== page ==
To Glee or Not to Glee?
Does network TV match our family? That is a very personal question.
I don’t consider myself a conservative gal. But last week’s "Glee" caused a firestorm in our house.
I’m relatively new to the hit teen musical show. A couple of months ago I got a kick out of Gwyneth Paltrow’s guest cameo. And I do adore native Chicagoan Jane Lynch, the show’s straight-talking gym coach. After watching her Grinch-like heart melt while she sung with special needs kids last week, "Glee" had the markings of our favorite new family show.
It’s rare to find a program that each of us likes. Our "Seinfeld" reruns have been played so many times we can name an episode in three syllables.
The musical part of "Glee" offers my kids and I the chance to bond over our favorite songs. I can get giddy over pop music that echoes throughout our house. The dishes get done a little faster with a dash of Bieber fever.
And I am a sucker for teen drama. I’m sure Oprah would diagnose me with some sort of latent, incomplete experience from my own teenage wasteland. Whatever the reason, the rush of excitement was palpable.
It was 8 p.m. on a dreary Tuesday night. Snuggling up on the sofa with my kids, I was excited to get my "Glee" on.
But the first few scenes were shocking. To my horror, we watched kids drink booze out of reusable coffee containers in the school halls during the passing period to class. Shortly after that, the Glee Club members played spin the bottle in the basement of an empty home. The party was replete with a strip routine as a favored character gave a lap dance in her Victoria’s Secret bra and panties.
I felt sick to my stomach. Although I felt sure Fox was building up to a moral line to be delivered that does not condone illegal drinking, they sure took their time with the delivery.
Wriggling in agony next to my son, I just couldn’t stand it anymore. Stripping and underage drinking on a weeknight at 8 p.m.? I resented network television executives for forcing me to get off the sofa and take a stand.
I knew I was going to have to face the pop music and turn off the TV. But did I have the energy to face the certain fallout with my kids?
A difficult journey begins with a single step. Mine started by getting off the sofa to collect my thoughts by taking some laundry upstairs.
As I folded clothes, I remembered a line printed on a poster in my fifth-grade daughter’s school. It always comes to me when I need to find courage.
“Courage is standing up in a room full of people who are doing something wrong and doing what is right.”
I knew I wasn’t smarter than a fifth-grader. But could I be as courageous? And what if the room full of people were your own children?
I tried to figure out what was holding me back. Putting away some folded towels I began to execute my intervention into my kids’ treasured show.
I was all over the map. On the one hand, they already watched part of the show. Missing the triumphant moral ending would leave them with only the negative "before" picture.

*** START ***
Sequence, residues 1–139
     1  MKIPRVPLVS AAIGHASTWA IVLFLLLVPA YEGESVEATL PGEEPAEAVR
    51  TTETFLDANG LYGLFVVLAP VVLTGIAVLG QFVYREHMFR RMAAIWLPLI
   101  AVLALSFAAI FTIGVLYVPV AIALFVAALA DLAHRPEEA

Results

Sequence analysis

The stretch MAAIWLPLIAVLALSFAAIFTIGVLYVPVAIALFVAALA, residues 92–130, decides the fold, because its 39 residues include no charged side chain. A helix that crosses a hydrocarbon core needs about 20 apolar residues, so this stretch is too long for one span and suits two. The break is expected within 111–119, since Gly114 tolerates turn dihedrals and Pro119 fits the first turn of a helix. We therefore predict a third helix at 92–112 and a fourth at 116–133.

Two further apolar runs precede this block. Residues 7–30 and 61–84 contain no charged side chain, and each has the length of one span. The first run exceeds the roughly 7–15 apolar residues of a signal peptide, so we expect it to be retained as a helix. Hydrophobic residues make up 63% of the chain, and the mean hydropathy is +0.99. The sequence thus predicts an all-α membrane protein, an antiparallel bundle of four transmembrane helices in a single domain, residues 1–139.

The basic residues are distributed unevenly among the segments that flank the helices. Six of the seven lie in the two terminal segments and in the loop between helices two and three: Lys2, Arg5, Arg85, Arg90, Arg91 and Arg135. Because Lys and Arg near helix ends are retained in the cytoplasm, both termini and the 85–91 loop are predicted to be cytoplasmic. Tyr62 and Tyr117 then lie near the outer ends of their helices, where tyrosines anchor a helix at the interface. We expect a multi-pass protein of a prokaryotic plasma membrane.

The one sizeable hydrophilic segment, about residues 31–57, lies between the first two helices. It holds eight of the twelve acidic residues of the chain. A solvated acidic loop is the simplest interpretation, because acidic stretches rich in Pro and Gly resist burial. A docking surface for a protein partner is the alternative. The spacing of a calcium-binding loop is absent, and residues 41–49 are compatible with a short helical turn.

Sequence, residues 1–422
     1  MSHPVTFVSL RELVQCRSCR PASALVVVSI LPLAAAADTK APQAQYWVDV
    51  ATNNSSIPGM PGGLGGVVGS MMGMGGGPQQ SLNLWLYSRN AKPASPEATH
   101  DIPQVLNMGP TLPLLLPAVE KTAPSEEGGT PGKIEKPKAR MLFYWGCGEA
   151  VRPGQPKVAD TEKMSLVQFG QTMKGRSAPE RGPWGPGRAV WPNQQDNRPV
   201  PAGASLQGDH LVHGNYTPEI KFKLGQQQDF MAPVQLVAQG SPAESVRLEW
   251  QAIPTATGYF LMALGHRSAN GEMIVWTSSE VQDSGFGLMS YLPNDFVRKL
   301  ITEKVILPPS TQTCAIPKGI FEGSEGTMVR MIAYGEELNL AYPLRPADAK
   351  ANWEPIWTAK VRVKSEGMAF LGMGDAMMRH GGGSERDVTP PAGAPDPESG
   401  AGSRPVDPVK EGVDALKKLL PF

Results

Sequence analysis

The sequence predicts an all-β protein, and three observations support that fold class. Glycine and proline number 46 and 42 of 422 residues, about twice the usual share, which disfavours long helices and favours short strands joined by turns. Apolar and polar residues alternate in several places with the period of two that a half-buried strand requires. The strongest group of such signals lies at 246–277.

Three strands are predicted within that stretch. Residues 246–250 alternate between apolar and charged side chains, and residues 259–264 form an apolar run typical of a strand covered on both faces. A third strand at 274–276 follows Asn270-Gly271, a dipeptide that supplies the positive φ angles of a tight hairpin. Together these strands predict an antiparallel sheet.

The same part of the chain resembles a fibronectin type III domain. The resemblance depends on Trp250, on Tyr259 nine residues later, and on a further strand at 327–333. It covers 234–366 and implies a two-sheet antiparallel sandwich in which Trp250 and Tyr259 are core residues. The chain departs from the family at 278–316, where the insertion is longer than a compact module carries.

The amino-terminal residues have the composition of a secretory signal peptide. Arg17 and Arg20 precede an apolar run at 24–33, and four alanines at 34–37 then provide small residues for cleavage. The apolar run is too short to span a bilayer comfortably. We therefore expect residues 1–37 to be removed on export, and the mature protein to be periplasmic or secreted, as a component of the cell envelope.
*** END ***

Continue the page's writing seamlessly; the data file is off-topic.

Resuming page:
I reasoned with myself that other parents happily let their kids watch whatever they want. I knew how we raised them and they wouldn’t be sipping wine coolers from their Starbuck’s cups anytime soon.
I further reasoned that "Glee" had some very heartwarming episodes. I had seen many examples of choices based on good character, honesty and acceptance.
But as I paired the socks in the basket I knew that sometimes things fit and sometimes they don’t.
That night, for me, I just could not get "Glee" to match our family.
“You can do this,” I said to myself as I slammed a drawer shut.
For goodness sake! I have lived in two foreign countries! I have chased a mugger down the streets of the great city of Chicago! (He didn't get my purse either.) Where was my courage to stand up and turn off the TV? What kind of mother is afraid of her own children?
I threw down my basket of clothes and headed to the living room.
I took a breath and faced my fears, staring straight ahead. You would have thought I was storming the beaches at Normandy.
I thought of the ad from my own teenage wasteland: “Just do it.”
I marched into our living room and turned off the TV.
“Enough is enough!” I said, prepared for the revolt.
A cyclone of protests threatened to blow me right through the living room window. I braced myself against the popular backlash.
But kids know when there is no wiggle room. They can smell indecision like a dog sniffing for table scraps. Under these circumstances, it’s best to fake it 'til you make it.
I stood firm, and as expected, their words blew enough air to put the lift right back in my lifeless hair.
What’s the worst that can happen? I thought to myself. They may be angry. They may even hate me. But they’ll be back as soon as they’re hungry for dinner.
As the fury subsided I put away the last few folded towels.
I knew my kids wouldn’t fit in at school the next day when their friends were talking about the ending of their favorite TV show. I also knew they would survive.
Besides, everybody needs a little teen angst.
They’ll need some stories to swap about their insufferable parents as they stand around waiting for a ride home from school. They’ll need something to tell their kids about their own brand of teenage drama.
They might even remember the story with nostalgia in their eyes.
And maybe just a little Glee.